The Panama Papers begin to take their toll

The Panama Papers begin to take their toll
  • moneycontrol.com

This Tuesday the Panama Papers case revived from the US Justice Department, which through an official statement announced charges against four people related to this investigation, these being the first prosecutions of people involved in this investigation related to international money laundering.

Ramses Owens (Panamanian), Dirk Brauer (North American), Richard Gaffey and Harald von der Goltz (Germans) are the names mentioned in the case that will be brought in the court of the Southern District of New York, charged with wire fraud, tax fraud, money laundering, and other offenses related to their roles in the Panama-based law firm, Mossack Fonseca, company from which such crimes would have been committed.

"Law firms, asset managers and accountants play key roles enabling entry into the global financial system," Assistant Attorney General Brian Benczkowski said in a statement.

"The charges announced today demonstrate our commitment to prosecute professionals who facilitate financial crimes across international borders and the tax cheats who utilize their services," he added.

This firm was responsible for creating "off shore" companies, with the purpose of tax evasion or hiding illicit money, activities in which these four citizens would be involved and in fact, only one of them, Ramses Owens, remains at large. Brauer (54 years old) was imprisoned in Paris on November 15, Von Der Goltz (81 years old) in London on December 3 and Gaffey (74 years old) in Massachusetts last Tuesday.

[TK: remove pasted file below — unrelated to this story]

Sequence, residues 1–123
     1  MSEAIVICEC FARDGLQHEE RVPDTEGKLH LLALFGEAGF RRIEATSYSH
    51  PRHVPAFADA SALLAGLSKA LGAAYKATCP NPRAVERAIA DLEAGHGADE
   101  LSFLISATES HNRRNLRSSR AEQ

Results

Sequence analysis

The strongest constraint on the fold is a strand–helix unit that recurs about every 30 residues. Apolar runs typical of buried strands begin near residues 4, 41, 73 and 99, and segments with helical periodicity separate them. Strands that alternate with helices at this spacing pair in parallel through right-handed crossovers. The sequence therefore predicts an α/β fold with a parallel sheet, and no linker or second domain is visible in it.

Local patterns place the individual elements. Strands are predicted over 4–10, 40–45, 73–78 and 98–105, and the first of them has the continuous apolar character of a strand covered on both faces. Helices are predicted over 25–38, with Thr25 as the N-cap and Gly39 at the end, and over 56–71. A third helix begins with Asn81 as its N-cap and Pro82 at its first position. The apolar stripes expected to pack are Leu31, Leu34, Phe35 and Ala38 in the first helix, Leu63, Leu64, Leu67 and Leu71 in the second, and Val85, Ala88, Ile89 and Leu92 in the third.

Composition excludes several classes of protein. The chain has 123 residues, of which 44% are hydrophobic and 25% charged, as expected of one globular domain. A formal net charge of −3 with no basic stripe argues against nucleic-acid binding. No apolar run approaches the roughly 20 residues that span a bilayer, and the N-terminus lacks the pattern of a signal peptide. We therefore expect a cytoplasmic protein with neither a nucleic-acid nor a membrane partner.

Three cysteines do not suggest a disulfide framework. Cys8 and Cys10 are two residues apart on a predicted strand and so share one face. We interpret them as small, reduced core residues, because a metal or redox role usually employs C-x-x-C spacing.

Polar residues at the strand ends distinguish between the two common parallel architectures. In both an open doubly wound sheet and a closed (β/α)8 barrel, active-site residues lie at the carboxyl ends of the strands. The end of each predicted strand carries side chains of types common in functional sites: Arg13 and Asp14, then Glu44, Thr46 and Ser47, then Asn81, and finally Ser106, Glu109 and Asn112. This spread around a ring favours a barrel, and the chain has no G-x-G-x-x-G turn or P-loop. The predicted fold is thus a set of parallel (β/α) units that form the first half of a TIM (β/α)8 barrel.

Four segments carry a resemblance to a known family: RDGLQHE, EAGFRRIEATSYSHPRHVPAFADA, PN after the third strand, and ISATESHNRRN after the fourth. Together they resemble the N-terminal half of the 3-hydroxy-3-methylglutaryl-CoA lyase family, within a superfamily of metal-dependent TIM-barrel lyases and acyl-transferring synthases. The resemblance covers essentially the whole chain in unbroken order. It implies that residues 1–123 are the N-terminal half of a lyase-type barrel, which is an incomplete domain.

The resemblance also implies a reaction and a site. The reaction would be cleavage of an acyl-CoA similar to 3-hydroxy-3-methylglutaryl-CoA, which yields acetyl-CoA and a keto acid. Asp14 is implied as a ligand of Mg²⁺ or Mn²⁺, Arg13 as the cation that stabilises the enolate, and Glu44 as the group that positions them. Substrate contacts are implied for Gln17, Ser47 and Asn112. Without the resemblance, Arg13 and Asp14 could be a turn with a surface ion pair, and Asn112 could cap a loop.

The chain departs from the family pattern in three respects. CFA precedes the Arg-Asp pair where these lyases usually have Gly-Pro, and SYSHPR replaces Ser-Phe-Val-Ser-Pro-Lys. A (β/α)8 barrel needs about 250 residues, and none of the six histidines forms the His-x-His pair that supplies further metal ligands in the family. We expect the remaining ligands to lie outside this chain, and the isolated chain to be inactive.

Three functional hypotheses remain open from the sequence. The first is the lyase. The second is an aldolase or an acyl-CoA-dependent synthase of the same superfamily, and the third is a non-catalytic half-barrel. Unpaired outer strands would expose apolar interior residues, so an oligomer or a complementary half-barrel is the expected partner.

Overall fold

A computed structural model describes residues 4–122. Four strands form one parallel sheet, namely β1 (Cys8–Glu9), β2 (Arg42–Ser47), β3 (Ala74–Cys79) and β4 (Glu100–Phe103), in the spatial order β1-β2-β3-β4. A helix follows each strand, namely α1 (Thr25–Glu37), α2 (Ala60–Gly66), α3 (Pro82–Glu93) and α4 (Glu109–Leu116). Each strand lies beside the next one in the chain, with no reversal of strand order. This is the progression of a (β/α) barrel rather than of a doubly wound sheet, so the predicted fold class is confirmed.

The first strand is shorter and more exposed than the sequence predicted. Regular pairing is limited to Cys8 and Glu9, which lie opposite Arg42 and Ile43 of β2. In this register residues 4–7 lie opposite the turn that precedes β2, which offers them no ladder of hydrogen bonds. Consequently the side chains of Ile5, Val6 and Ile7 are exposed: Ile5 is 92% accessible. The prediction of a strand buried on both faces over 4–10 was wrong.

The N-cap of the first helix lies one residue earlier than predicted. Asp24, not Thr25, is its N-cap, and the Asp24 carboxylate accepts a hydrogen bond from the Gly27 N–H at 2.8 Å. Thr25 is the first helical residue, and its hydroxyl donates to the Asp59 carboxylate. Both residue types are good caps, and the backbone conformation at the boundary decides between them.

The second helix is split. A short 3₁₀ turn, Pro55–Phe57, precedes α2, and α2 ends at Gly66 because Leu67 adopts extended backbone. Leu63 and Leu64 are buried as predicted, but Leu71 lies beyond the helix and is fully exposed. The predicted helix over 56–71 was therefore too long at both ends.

Initially Owens and Brauer are accused of having managed laundry and evasion between 2000 and 2017, when they took several of their clients to hide their income from the Internal Revenue Service-Criminal Investigation (IRS -CI). Von Der Goltz evaded his own accounts under the indication of Gaffey, Owens and Brauer, placing his mother as the sole owner of each fictitious company, so since she’s not a resident or taxpayer, is outside certain regulations.

Faced with the accusations received, those involved could add more than 50 years in prison: 20 for conspiracy to commit electronic fraud; 5 for conspiracy for tax evasion, 20 for electronic fraud, 20 for money laundering conspiracy, 10 for intentional failure to file a Foreign Bank Report and FBAR Financial Accounts and 5 years for false statements.

The IRS-CI, the Complex Fraud and Cybercrime Unit of the Office, the Transnational Criminal Companies Unit, together with the Asset Laundering and Asset Recovery Section of the Criminal Division, in charge of presenting the evidence and procedures to the court in charge of the case, currently handle this case.

This procedure in the Federal Court of Manhattan will be in charge of two groups, the first consisting of Sarah E. Paul, Thane Rehn, Kristy Greenberg and Andrew Adams (deputy lawyers), completed by Michael Parker and Parker Tobin (Money Laundering and Asset Recovery Section).

Leaked in 2015, the Panama Papers represented millions of documents detailing financial and attorney-client information on offshore holdings or in tax havens that defrauded the US and other countries.

Named in the leak were 12 current or former world leaders, 128 politicians and public officials, and hundreds of celebrities, businessmen and other wealthy people from more than 200 countries.

The Panama Papers were the culmination of a year-long investigation by the International Consortium of Investigative Journalists, the German newspaper Suddeutsche Zeitung and more than a hundred news organizations.

Late last month, Deutsche Bank's head office and other locations in Frankfurt, Germany, were registered as part of the Panama Papers investigation, as it is suspected that the German bank helped Mossak Fonseca's clients set up the offshore holdings.


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